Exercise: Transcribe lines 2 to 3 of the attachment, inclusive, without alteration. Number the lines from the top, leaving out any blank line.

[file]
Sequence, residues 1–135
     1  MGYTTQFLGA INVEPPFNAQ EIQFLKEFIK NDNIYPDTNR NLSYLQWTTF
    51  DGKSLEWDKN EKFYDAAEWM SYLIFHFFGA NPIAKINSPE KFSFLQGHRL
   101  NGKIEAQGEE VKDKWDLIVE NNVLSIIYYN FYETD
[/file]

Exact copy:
     1  MGYTTQFLGA INVEPPFNAQ EIQFLKEFIK NDNIYPDTNR NLSYLQWTTF
    51  DGKSLEWDKN EKFYDAAEWM SYLIFHFFGA NPIAKINSPE KFSFLQGHRL